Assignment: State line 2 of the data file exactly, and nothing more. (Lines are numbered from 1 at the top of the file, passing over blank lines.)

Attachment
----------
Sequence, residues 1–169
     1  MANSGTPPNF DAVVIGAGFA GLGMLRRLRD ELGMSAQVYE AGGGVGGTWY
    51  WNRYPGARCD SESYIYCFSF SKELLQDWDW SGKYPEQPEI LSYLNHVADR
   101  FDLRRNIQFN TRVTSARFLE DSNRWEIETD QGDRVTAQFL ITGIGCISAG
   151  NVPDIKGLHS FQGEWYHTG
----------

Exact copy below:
     1  MANSGTPPNF DAVVIGAGFA GLGMLRRLRD ELGMSAQVYE AGGGVGGTWY